A Walk Among the Tombstones
Fans of the hardboiled detective, rejoice. Screenwriter-director Scott Frank and actor Liam Neeson, adapting the splendid work of crime novelist Lawrence Block, have brought a…
“Sliding Doors” uses parallel time-lines to explore the different paths that a woman's life might take after she does, and doesn't, find her lover in bed with another woman. I submit that there is a simple test to determine whether this plot can work: Is either time-line interesting in itself? If not, then no amount of shifting back and forth between them can help. And I fear they are not.
The movie stars Gwyneth Paltrow as Helen, a London publicity executive who is fired for no good reason, and stalks out of her office in midmorning to take the underground train back home. In one scenario, she catches the train. In the other, she misses it because she's delayed, and the doors slide shut in her face. To save confusion, we will call these Scenarios A and B.
In A, Helen arrives home unexpectedly and finds her lover, Gerry (John Lynch), in the sack with his mistress, Lydia (Jeanne Tripplehorn). She confronts them, walks out, goes to a bar and runs into James (John Hannah). James recognizes her because earlier he chatted her up on the train. Over the next few days, Helen A is comforted by her best friend, gets her long hair cut and dyed blond, and begins to fall in love with James.
In Scenario B, Helen misses the train, and by the time she arrives home Lydia is already off the scene. But she begins to suspect things when she realizes two brandy glasses were on the dresser. Eventually Helen B finds out about Lydia, who is the kind of woman who gets sadistic satisfaction out of popping up unexpectedly and threatening to blow Gerry's cover.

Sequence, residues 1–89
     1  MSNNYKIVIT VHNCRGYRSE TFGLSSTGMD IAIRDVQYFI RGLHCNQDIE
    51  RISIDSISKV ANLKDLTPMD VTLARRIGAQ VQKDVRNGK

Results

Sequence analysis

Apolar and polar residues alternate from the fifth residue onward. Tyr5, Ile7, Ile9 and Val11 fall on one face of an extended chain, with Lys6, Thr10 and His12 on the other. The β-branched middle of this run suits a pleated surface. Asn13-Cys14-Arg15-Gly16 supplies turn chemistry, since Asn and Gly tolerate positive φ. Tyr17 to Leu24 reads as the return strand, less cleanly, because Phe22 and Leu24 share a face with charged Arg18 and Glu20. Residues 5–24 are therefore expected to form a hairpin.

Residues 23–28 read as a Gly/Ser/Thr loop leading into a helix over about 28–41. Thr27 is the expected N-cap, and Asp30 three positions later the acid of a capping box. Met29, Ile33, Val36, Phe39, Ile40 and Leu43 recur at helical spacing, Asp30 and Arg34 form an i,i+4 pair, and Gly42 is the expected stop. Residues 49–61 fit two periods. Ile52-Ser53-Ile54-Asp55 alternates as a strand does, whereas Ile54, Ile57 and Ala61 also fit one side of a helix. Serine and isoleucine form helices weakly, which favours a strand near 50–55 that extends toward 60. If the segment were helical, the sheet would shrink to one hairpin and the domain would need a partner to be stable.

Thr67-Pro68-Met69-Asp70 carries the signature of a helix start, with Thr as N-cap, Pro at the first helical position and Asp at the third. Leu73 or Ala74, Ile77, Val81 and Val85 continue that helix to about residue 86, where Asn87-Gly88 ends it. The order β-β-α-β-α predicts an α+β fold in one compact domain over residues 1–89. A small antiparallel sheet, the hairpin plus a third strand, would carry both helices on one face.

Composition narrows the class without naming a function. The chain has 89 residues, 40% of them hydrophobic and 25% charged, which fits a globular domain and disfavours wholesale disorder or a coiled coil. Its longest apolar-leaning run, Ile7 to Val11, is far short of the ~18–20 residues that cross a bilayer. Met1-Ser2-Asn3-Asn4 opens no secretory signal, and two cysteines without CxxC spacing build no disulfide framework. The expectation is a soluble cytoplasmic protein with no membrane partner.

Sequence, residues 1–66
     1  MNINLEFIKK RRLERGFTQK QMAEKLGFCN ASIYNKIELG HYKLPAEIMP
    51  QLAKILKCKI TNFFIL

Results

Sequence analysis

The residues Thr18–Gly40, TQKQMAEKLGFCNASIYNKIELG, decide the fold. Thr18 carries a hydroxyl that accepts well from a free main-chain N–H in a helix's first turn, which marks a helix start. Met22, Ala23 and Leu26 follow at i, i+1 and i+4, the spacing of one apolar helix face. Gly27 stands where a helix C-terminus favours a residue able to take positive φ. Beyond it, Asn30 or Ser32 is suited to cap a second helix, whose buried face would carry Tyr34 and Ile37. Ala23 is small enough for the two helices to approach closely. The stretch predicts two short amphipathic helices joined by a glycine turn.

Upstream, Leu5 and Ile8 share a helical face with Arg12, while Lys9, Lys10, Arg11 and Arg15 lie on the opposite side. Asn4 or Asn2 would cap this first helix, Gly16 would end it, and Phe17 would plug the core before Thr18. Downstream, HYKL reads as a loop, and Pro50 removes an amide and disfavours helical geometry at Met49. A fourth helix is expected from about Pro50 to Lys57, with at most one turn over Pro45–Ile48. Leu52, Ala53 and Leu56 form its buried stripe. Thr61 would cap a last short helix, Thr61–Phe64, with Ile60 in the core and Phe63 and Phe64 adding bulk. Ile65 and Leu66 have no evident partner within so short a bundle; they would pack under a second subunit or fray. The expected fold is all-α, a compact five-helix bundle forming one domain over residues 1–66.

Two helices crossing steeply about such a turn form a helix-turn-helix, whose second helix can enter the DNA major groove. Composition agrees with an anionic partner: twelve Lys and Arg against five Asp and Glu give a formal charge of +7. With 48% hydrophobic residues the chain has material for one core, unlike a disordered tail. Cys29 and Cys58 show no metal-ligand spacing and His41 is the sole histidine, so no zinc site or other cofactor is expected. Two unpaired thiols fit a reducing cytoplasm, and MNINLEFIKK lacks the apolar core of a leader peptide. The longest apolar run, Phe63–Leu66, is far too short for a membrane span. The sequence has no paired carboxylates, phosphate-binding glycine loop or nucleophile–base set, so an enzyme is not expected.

The film cuts backs and forth between A and B. It is clear that Gerry is a creep, Lydia is a Fatal Attraction and James is a thoroughly nice bloke, although the requirements of Screenwriting 101 force the movie into a manufactured crisis in which it appears that James may have been lying to Helen A. There's even one of those scenes that maddens me, in which James goes to Helen A's best friend's house, is told of the misunderstanding, could say two or three words to clear it all up--but doesn't, because he is a puppet of the plot.
Gwyneth Paltrow is engaging as the two Helens, and I have no complaints about her performance. Pity about the screenplay. It requires her to appear to be unobservant, gullible and absentminded as the faithless Gerry hems and haws through absurdly contrived emergencies. The worst moment comes when he opens the kitchen blinds, and Lydia is standing right outside them, staring at him. He slams them shut and tries to pretend nothing happened. What we have here is a particularly annoying movie gimmick in which the other person (Lydia, in this case) knows exactly when and where to position herself to create the shock effect. We aren't allowed to wonder how many hours, or days, she was posted outside, maybe in the rain, waiting for him to open the blinds.
I am grateful that the movie provides Helen A and Helen B with different haircuts, which helps tell the story lines apart (a bandage is used in the early scenes). But as we switched relentlessly back and forth between A and B, I found that I wasn't looking forward to either story. True, James is played by Hannah with warmth and charm, but to what effect? Is he interesting as a person? Does he, or anyone in the film, have much to say that's not at the service of the plot? I would have preferred Hypothetical Scenario C, in which Gwyneth Paltrow meets neither James nor Gerry, and stars in a smarter movie.
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A photo gallery offering snapshots from The Ebert Dinner at the 2014 Toronto International Film Festival.